$500 FAA INCENTIVES WILL RUN OUT SOON
May 6, 2019 By Mike Collins
As of today, fewer than 1,000 Automatic Dependent Surveillance-Broadcast (ADS-B) Out rebate reservations remain available from the FAA. Because aircraft owners are reserving rebates at an average rate of 60 to 100 per day, the available rebates could be exhausted in two weeks—or sooner. Any aircraft owner who wants to claim a rebate and has not yet done so should make a reservation now.
ADS-B uses GPS satellites instead of ground-based radar to determine aircraft location, and is a key technology behind the FAA’s Next Generation Air Transportation System. The FAA has mandated ADS-B Out for flights after Jan. 1, 2020, in airspace where a transponder is required today. To help encourage equipage, the FAA launched a rebate program Sept. 19, 2016, and when it expired 12 months later, only about 10,200 of 20,000 available rebates had been claimed. The current program opened Oct. 12, 2018, in an effort to award the 9,792 remaining rebates. It follows the same rules and procedures and is available to owners of fixed-wing, single-engine piston aircraft first registered before Jan. 1, 2016. Twins, helicopters, and turbine-powered airplanes are not eligible—but experimental and light sport aircraft are, if TSOed hardware is installed.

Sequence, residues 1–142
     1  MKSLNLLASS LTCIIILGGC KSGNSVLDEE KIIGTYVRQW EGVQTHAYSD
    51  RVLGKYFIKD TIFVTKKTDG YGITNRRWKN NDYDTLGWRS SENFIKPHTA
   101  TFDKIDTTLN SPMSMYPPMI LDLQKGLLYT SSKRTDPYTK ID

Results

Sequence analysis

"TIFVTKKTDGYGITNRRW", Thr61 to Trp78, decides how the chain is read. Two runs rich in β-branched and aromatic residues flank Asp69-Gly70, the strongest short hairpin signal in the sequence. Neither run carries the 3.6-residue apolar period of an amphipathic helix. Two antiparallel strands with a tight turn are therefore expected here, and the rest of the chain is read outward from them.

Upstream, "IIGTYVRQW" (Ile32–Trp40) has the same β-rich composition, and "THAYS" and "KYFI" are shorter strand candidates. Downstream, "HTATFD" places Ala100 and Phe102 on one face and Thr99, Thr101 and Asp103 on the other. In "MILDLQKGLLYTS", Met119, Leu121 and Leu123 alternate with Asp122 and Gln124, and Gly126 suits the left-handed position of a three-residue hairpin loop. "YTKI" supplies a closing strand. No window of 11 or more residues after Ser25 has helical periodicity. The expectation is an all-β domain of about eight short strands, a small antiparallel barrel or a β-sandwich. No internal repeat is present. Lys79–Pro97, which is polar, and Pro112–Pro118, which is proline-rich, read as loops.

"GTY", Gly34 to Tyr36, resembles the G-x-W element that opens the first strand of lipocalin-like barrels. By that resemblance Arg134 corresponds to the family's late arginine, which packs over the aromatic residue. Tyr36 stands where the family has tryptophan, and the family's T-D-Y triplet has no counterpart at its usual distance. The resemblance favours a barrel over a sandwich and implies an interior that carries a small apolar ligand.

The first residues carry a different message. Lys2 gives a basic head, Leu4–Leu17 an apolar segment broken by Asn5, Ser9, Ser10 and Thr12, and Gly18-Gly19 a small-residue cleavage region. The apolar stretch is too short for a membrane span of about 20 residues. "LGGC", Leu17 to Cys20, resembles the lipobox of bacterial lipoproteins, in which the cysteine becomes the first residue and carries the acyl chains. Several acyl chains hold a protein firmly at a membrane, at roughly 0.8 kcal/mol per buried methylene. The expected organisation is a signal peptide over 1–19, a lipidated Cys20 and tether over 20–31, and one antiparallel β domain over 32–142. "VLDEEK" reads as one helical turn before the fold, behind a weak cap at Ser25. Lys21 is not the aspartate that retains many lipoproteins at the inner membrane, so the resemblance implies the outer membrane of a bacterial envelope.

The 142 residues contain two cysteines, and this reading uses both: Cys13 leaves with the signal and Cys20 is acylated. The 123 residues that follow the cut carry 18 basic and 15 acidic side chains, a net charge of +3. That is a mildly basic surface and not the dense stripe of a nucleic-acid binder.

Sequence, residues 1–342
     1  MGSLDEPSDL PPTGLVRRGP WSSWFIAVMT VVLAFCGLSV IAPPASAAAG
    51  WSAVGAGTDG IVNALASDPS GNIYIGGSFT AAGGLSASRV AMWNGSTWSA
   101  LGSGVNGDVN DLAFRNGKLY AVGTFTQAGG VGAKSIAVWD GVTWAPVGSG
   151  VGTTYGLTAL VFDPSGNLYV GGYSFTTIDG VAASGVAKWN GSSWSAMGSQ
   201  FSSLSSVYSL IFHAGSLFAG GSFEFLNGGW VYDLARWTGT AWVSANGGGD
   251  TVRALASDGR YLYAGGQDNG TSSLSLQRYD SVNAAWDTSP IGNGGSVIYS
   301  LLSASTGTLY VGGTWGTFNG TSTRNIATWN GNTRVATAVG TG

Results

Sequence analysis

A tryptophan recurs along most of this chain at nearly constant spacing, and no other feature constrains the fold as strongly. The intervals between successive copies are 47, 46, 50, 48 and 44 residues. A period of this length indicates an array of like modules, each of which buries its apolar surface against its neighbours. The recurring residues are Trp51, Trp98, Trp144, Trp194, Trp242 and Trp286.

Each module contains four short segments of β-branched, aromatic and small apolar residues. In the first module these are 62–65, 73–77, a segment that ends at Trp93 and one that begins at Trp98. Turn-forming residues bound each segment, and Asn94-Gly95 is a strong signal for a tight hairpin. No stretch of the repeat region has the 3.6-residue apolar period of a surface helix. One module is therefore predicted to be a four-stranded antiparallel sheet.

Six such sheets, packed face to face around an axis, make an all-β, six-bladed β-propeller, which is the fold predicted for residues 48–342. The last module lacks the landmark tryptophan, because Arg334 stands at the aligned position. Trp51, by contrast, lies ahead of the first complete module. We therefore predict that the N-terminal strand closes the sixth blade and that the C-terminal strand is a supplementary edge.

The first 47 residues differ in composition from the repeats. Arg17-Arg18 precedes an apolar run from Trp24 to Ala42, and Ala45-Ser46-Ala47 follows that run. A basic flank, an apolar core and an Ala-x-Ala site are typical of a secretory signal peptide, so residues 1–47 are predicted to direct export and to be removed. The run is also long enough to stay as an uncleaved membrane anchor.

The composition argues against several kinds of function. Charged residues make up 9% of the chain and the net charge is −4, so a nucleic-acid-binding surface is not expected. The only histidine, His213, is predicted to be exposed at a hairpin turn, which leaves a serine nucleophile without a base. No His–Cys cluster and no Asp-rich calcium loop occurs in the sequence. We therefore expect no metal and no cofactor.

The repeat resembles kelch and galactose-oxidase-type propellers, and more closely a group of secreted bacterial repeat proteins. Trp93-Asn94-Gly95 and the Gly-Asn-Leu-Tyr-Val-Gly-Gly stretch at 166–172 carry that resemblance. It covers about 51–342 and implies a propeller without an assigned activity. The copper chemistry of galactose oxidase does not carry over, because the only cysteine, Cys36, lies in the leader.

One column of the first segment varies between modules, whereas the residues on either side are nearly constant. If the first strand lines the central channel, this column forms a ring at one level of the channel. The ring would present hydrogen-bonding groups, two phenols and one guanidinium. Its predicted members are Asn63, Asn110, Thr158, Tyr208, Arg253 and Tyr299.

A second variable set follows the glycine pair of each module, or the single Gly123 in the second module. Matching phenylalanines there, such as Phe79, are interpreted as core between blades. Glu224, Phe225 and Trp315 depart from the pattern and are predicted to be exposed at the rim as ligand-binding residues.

Aircraft do not have to equip if they don’t operate in the airspace where ADS-B Out will be required, defined by 14 CFR 91.225. In the 48 contiguous states, ADS-B Out will be required for flights in all Class A, B, and C airspace; Class E airspace at or above 10,000 feet msl, excluding the airspace at and below 2,500 feet agl; within 30 nautical miles of a Class B primary airport (the Mode C veil); above the ceiling and within the lateral boundaries of Class B or Class C airspace up to 10,000 feet; and in Class E airspace over the Gulf of Mexico, at and above 3,000 feet msl, within 12 nm of the U.S. coast. Except for the Gulf of Mexico airspace, this essentially is where a Mode C transponder is required today.
Pilots who fly—especially under instrument flight rules—to airports near ADS-B airspace should be particularly concerned about equipping, said Rune Duke, AOPA senior director of government affairs for airspace, air traffic, and aviation security. Vectors assigned by air traffic control, or published instrument approaches, could force nonequipped aircraft into ADS-B airspace—and the rules do not provide a “get out of jail free” card in such scenarios.
“It is clear talking to folks here in Anchorage that pilots didn’t realize Merrill Field IFR ops will require ADS-B,” said Duke, who was in Alaska for the Alaska Airmen Association’s 2019 Great Alaska Aviation Gathering. Merrill Field’s only IFR approach, the RNAV (GPS)-A, passes through Ted Stevens Anchorage International Airport’s Class C airspace.